Police brutality is redundant. Business ethics is an oxymoron. Conscious consumerism is a farce, and a very profitable joke. Conscientious capitalism is a marketing ploy. Ethical food is a an oxymoron. The rest of the world is starving to fucking death and you can’t think of anything to do but reframe your shitty culture, which will always rely on the death and maiming of “Othered” (human) beings. You kill your soul and mine in the everyday process of being a being for a captor. I kill my soul a little every day to make life work for you and everyone else. Too bad because life would be nice if we weren’t dead beings. I am dead. We are dead. Fuck the world. I want to live!
I am available for children’s parties.
The food you eat or brush you’re using may have been made by a worker earning less than a dollar an hour — not in the developing world, but in the invisible workforce inside America’s prisons. Share this if you oppose prison labor for profit.
When I was in prison I worked 3 shifts a day, 5 days a week, starting at 5 AM and ending at 8 PM. I was paid $5.25 a month. Pay for the inmates who facilitate UNICOR workers (by making their food, washing their laundry, etc,) is even lower than the wages cited in the above graphics. The prison industry is also a slave industry, and it isn’t just corporations who benefit. All the furniture you see in federal buildings, post offices, DMVs, etc, where do you think it comes from? Prison labor. I think a lot of people know about states that use prison labor for license plates, but fewer people know that the plaques on doors at city halls, and sometimes the doors themselves, come from prison labor. The incarcerated are a hyper-exploited class unto themselves, and almost no one seems to be helping them to organize.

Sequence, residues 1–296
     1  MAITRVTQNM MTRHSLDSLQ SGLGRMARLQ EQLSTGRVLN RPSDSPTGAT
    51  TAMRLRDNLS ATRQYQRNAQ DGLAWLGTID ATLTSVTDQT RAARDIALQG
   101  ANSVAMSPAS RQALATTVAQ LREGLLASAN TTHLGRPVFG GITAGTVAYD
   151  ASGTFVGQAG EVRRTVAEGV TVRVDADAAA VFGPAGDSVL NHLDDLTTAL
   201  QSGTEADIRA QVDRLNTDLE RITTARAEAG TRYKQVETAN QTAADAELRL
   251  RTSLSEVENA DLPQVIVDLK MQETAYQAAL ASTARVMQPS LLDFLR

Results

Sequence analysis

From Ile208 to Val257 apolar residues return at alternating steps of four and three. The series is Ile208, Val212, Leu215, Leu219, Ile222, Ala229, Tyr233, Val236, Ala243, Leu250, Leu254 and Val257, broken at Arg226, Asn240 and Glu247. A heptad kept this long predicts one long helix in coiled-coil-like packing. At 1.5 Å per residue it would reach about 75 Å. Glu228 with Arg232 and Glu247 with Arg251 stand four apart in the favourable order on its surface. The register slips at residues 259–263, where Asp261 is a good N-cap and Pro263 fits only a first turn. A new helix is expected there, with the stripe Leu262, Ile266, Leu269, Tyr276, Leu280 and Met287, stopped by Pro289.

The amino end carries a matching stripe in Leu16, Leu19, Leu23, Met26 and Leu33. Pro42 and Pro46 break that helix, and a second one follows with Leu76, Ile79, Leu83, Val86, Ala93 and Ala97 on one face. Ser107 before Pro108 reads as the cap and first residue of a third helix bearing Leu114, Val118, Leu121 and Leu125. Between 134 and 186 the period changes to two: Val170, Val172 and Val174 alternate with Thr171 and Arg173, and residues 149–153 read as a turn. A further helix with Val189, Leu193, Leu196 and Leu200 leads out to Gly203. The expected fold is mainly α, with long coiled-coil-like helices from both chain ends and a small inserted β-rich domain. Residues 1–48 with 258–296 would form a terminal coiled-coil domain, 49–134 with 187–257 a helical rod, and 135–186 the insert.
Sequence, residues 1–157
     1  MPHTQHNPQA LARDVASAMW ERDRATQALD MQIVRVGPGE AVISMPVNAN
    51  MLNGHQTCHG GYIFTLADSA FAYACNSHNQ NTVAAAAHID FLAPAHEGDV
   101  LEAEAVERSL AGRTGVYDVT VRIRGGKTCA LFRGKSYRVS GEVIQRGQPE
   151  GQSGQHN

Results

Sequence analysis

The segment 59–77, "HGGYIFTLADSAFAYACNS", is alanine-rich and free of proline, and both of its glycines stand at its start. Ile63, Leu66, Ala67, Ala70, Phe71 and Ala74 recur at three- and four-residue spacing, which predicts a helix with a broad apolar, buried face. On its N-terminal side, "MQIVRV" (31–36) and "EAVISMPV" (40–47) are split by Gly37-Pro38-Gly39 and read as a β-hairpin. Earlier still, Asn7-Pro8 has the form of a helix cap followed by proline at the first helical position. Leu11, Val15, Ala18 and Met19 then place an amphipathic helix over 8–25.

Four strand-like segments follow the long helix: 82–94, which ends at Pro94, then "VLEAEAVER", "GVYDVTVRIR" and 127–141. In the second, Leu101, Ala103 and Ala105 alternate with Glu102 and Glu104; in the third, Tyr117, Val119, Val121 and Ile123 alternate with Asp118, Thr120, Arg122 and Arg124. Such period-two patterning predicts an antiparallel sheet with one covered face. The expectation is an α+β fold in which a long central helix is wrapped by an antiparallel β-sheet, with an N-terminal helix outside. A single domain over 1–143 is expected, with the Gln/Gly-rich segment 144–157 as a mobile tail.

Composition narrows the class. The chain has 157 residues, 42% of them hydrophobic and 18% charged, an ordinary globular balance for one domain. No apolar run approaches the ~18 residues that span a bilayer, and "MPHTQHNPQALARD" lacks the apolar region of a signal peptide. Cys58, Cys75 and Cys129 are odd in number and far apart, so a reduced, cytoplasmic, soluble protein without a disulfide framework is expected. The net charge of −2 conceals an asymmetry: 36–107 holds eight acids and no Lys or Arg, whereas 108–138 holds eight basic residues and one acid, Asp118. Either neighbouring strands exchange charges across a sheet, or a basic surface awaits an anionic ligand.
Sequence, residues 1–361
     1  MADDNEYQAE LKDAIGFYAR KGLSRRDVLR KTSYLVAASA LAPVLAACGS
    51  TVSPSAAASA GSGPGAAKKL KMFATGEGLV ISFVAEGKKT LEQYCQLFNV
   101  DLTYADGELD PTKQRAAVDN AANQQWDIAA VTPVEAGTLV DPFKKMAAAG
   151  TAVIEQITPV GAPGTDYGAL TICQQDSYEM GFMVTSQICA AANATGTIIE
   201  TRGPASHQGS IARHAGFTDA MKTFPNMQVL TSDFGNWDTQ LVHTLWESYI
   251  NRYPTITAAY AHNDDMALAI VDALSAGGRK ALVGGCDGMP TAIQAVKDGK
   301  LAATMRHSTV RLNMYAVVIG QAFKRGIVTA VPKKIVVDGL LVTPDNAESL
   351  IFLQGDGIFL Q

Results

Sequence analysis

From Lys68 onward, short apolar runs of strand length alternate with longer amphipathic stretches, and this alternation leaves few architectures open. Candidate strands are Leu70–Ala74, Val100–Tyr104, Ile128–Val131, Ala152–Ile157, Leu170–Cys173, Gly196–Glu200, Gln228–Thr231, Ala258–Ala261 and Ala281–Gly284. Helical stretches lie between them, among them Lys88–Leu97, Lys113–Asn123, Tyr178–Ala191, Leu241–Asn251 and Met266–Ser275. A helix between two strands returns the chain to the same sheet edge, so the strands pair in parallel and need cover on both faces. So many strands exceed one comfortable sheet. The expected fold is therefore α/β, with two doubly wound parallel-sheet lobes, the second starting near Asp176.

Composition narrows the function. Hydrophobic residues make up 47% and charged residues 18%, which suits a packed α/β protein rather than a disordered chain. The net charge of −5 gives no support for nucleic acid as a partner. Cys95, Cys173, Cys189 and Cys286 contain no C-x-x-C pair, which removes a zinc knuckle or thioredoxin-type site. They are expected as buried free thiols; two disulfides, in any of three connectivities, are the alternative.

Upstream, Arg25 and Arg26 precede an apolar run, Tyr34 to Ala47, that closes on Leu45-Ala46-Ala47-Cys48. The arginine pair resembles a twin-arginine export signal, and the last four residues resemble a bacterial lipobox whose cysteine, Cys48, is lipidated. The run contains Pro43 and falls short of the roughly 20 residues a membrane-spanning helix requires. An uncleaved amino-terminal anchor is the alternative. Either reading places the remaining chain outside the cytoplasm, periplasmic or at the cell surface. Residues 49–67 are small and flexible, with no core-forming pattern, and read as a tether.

The election of Barack Obama does not mitigate the claim that this is a taciturn historical moment. Neoliberalism with a Black face is neither the index of a revolutionary advance nor the end of anti-Blackness as a constituent element of U.S. antagonisms” (Wilderson 2010, 4)